Neale was strongly high church in his sympathies, and had to endure a good deal of opposition, including a fourteen years' inhibition by his bishop. Neale translated the Eastern liturgies into English, and wrote a mystical and devotional commentary on the Psalms.[9] However, he is best known as a hymnwriter and, especially, translator, having enriched English hymnody with many ancient and mediaeval hymns translated from Latin and Greek. For example, the melody of Good King Wenceslas originates from a medieval Latin springtime poem, Tempus adest floridum. More than anyone else, he made English-speaking congregations aware of the centuries-old tradition of Latin, Greek, Russian, and Syrian hymns. The 1875 edition of the Hymns Ancient and Modern contains 58 of his translated hymns; The English Hymnal (1906) contains 63 of his translated hymns and six original hymns by Neale.

His translations include:[12]

Death and legacy[edit]

picture of a priest in cassock wearing glasses, standing holding an open book
Portrait of John Mason Neale standing, from John Mason Neale letters 1910

Since Neale died on 6 August 1866, the Feast of the Transfiguration, he is commemorated by the Anglican churches on the following day, 7 August. Neale is honored in the Church of England and in the Episcopal Church that day.[13][14]

Neale and Catherine Winkworth are commemorated together in the Calendar of Saints of the Evangelical Lutheran Church in America on 1 July, the anniversary of Winkworth's death. Neale was buried in St Swithun's churchyard, East Grinstead.



Hymns and carols

Neale's most enduring and widely known legacy is probably his contribution to the Christmas repertoire, most notably:

John Mason Neale also wrote the hymn:

  • A Great and Mighty Wonder, translated from the Greek of St Germanus, although Neale incorrectly attributed it to St Anatolius.


Theological and historical books

Books related to Cambridge Camden Society




  1. ^ "John Mason Neale". London: The Catholic Literature Association. 1933. Retrieved 28 July 2021 – via Project Canterbury.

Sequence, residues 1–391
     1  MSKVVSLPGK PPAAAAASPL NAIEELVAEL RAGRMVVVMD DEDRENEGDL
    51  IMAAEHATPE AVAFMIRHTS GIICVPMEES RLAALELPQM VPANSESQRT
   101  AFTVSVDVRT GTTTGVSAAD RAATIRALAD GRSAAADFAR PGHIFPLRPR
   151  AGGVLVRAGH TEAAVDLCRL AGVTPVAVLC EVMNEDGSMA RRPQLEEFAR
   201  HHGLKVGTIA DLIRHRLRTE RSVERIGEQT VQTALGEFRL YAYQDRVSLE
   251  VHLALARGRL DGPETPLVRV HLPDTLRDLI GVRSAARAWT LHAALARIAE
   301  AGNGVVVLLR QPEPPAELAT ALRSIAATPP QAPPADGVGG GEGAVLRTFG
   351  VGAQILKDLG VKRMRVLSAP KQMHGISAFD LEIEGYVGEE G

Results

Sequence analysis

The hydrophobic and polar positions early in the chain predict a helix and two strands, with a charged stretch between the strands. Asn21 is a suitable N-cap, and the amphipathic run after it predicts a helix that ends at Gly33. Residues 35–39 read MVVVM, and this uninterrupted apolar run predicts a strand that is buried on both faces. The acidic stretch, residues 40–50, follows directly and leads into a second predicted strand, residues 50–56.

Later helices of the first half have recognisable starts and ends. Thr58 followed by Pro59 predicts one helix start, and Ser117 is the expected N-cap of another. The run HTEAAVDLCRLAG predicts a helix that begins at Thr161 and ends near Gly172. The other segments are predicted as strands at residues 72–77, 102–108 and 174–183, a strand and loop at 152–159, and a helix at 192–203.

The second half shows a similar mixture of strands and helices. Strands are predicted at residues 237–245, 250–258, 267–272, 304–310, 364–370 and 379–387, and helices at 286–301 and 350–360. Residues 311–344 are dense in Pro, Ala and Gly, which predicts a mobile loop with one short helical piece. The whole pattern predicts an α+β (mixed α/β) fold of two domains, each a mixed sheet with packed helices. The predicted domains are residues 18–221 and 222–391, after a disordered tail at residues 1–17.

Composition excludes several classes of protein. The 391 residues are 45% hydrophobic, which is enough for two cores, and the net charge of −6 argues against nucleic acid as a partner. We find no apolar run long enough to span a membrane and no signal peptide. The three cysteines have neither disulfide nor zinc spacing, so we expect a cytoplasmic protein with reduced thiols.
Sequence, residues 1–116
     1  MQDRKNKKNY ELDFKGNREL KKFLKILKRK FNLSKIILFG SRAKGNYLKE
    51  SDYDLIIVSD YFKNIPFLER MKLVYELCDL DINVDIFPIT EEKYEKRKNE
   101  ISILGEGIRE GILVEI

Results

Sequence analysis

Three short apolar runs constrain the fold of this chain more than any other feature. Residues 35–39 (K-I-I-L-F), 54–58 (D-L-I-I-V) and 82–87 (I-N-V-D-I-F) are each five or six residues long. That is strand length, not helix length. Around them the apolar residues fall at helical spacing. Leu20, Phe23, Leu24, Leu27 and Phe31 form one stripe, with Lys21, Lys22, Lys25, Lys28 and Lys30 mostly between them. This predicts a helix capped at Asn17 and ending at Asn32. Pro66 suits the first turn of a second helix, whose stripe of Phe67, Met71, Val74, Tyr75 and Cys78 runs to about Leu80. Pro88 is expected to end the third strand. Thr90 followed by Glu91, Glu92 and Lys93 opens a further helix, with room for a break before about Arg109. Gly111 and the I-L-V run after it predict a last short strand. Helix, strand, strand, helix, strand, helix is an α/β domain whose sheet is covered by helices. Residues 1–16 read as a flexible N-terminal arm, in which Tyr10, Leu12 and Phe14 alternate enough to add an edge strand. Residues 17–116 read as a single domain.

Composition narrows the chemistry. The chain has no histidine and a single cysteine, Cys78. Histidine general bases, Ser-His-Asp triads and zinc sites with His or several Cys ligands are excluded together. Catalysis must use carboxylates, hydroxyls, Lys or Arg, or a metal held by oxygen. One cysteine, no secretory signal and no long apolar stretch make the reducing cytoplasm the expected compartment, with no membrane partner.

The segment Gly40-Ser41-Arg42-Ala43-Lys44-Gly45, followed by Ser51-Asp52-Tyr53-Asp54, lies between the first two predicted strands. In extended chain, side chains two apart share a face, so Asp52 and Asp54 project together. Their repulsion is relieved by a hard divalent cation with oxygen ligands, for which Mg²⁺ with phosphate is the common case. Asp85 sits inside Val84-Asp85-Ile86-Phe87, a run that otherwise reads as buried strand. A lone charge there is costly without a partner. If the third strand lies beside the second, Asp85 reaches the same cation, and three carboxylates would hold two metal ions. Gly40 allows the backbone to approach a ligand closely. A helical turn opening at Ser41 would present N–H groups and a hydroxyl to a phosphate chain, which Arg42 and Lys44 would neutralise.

2. ^ "Neale Commentary on the Psalms". Glendale, CO: Lancelot Andrewes Press. Retrieved 28 July 2021.
  3. ^ "John Mason Neale (1818–1866)". The Old Shirburnian Society. 12 August 2020. Retrieved 10 October 2020.
  4. ^ "The Sherborne Register 1550–1950" (PDF). Old Shirbirnian Society. Retrieved 16 February 2019.
  5. ^ "Neale, John Mason (NL836JM)". A Cambridge Alumni Database. University of Cambridge.
  6. ^ "The Reverend John Mason". The Church of St Giles, Water Stratford. The Parish of St. Giles, Water Stratford. Archived from the original on 25 November 2010. Retrieved 18 June 2010.
  7. ^ "The History of Pues, by John Mason Neale".
  8. ^ "John Mason Neale". The Hymns and Carols of Christmas. Retrieved 22 June 2021.
  9. ^ a b c Kiefer, James E. "John Mason Neale, Priest, Scholar, and Translator". Biographical Sketches of Memorable Christians of the Past.
  10. ^ Neale, John Mason (1857). The Lewes Riot, Its Causes and Its Consequences. London: Joseph Masters.
  11. ^ "Hymns of the Eastern Church". Retrieved 12 November 2014.
  12. ^ "J. M. Neale". Retrieved 13 April 2022.
  13. ^ "The Calendar". The Church of England. Retrieved 8 April 2021.
  14. ^ Lesser Feasts and Fasts 2018. Church Publishing, Inc. 17 December 2019. ISBN 978-1-64065-235-4.
  15. ^ Nelson, Dale J. (1997). "John Mason Neale and the Christian Heritage". Mayville State University. Archived from the original on 27 August 2007.


External links[edit]